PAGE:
February 5, 2023 | Doug Sauder
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“We are made right with God by placing our faith in Jesus Christ. And this is true for everyone who believes, no matter who we are. For everyone has sinned; we all fall short of God’s glorious standard. Yet God, in his grace, freely makes us right in his sight. He did this through Christ Jesus when he freed us from the penalty for our sins.”—Romans 3:22–24 (NLT)
Every year, we celebrate Christmas. It’s a beautiful time of joy and good tidings. We decorate a tree, string up lights, sing carols, give gifts, and remind people that “Jesus is the reason for the season.” But have you ever stopped and asked why He’s the reason for the season? Why is there a Christmas season at all? Why did Jesus have to come?
The short answer? Sin. Romans 3:23 (NLT) says, “For everyone has sinned; we all fall short of God’s glorious standard.” And Romans 6:23 (NIV) outlines why sin and falling short of God’s glory is a problem: “For the wages of sin is death.”
Now the long answer: In Genesis 1, we read about the creation of the universe. And the crowning jewel of this creation was mankind. Why? Genesis 1:27 (NIV) says, “God created mankind in his own image, in the image of God he created them.” That means we’re all created in the image of God! Every single one of us, no matter who we are, where we’re from, what we look like, or what we’ve done, we all have infinite and immutable (something that can never be taken away) value as image-bearers of God.
We were made by God, for God, to know Him, to have relationship with Him, and to be with Him forever as His children. This is why we were made and what we were made for, and the first two people, Adam and Eve, got to experience this. Did you know Adam and Eve got to walk with God, talk with God, and enjoy perfect relationship with Him? They got to live their purpose and enjoy the fruits of the Garden (Genesis 2:15–16). But then it all went wrong . . .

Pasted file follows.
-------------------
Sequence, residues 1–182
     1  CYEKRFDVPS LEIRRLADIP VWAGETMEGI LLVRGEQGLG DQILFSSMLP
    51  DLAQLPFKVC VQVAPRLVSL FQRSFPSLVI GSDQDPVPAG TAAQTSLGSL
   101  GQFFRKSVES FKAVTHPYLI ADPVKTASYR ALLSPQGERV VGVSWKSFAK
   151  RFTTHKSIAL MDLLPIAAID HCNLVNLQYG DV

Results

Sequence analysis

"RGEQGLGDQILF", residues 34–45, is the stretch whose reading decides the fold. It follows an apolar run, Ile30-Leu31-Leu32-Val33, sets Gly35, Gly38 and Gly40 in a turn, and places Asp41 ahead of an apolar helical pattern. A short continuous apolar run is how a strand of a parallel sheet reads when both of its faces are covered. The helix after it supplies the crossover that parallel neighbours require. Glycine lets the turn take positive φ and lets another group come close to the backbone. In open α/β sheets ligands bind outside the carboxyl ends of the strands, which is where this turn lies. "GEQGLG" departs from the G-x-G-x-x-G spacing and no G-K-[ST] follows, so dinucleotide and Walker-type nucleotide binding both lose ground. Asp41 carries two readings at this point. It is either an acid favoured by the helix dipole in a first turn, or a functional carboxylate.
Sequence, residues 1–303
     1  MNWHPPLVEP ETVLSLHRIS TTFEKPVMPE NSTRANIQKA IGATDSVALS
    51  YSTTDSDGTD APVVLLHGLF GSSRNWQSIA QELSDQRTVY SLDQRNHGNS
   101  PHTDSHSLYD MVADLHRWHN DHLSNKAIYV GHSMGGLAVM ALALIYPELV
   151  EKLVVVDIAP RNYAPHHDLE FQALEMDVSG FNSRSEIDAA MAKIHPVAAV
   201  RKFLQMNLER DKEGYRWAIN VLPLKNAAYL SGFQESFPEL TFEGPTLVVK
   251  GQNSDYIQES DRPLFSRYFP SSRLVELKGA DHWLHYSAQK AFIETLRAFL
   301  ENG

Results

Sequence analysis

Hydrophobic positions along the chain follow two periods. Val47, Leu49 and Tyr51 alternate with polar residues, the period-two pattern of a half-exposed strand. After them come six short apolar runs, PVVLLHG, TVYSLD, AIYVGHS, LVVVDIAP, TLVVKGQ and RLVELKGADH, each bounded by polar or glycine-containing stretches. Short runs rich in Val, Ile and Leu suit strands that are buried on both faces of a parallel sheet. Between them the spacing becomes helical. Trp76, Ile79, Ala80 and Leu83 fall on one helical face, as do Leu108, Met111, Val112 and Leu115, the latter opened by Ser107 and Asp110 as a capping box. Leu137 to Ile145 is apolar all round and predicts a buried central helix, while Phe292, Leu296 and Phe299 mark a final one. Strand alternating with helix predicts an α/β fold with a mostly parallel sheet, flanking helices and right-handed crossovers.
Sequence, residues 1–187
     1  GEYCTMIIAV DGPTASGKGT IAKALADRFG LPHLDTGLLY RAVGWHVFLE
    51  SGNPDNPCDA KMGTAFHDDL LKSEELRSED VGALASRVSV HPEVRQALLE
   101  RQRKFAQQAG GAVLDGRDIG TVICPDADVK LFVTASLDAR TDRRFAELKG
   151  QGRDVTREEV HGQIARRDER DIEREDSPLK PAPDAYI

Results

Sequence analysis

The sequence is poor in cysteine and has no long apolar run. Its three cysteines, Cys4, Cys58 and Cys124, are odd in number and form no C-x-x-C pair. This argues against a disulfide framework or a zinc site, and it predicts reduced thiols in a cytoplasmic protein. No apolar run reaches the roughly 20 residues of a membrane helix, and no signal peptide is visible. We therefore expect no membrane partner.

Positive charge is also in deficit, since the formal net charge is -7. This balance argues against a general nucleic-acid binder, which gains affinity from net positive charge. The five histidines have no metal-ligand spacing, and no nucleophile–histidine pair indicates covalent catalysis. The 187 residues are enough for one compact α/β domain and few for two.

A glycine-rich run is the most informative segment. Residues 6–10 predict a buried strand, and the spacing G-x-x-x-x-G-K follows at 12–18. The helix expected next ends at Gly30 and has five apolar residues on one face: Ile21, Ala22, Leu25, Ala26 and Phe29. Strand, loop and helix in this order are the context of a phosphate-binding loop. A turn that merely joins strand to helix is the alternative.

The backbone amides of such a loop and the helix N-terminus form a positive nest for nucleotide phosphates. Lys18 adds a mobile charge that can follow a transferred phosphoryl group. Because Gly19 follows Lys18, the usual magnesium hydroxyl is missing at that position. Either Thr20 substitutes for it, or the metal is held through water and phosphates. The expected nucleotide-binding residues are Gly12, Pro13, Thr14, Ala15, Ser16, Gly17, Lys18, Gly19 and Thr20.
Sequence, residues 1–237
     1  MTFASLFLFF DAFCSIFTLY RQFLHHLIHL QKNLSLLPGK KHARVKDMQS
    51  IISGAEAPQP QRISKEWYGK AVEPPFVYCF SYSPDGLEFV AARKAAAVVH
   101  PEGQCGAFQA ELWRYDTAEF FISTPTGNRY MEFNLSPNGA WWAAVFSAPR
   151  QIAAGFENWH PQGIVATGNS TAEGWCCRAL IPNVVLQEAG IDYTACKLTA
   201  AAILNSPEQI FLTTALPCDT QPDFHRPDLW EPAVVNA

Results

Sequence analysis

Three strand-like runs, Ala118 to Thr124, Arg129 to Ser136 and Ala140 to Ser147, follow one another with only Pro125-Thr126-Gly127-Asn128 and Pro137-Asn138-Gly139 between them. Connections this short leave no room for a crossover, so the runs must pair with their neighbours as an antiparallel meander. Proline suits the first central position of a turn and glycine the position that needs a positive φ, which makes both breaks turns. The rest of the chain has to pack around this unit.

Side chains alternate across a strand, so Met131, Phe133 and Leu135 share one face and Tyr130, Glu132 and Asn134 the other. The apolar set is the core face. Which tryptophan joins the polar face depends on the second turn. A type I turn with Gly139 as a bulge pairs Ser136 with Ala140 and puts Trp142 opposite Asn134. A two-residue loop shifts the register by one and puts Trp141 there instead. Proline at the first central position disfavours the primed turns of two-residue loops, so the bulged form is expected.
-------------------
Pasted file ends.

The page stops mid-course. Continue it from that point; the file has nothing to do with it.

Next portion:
Genesis 3 tells us that Adam and Eve were tempted and turned away from God. They allowed their pride and selfish impulses, their desire to be “like” God and have more than what God had given them, to cloud their judgment. We call this “the fall.” In that moment, the Bible says, “sin entered the world . . . and death through sin, and in this way death came to all people, because all sinned” (Romans 5:12 NIV, emphasis added).
The worst part is that the very thing they were seeking, to be like God, they already had. Remember? They were perfect and made in His image; His imprint was on their hearts and souls. But because of their sin, all humanity was infected. Sin caused a separation between us and a holy, perfect God. Every child born since then has been born spiritually dead, separated from God—except for One.
Basically, sin brought death and we were helpless to save ourselves from it. We needed divine intervention. The story of Christmas is about the moment God intervened. How? “For God so loved the world that he gave his one and only Son, that whoever believes in him shall not perish but have eternal life” (John 3:16 NIV). Jesus, the perfect Son of God, said, “Here I am . . .” (Hebrews 10:7 NIV) and He “gave his life for our sins, just as God our Father planned” (Galatians 1:4 NLT). He paid the price for our sins and shame once and for all in order to give us the gift of God, which is “eternal life through Christ Jesus our Lord” (Romans 6:23 NLT).
Because of Jesus, we can glorify and enjoy God even more intimately than Adam and Eve ever could. We not only get to walk with God, but we have the Spirit of God within us filling us with the light of eternal life and guiding us every single day! Tomorrow, we’ll see how God’s plan began to take shape through history.
Danny Saavedra is a licensed minister who has served on staff at Calvary since 2012, managing the Calvary Devotional and digital discipleship resources. He has a Master of Arts in Pastoral Counseling and Master of Divinity in Pastoral Ministry from Liberty Theological Seminary. His wife Stephanie, son Jude, and daughter Zoe share a love of Star Wars, good food, having friends over for dinner, and studying the Word together as a family.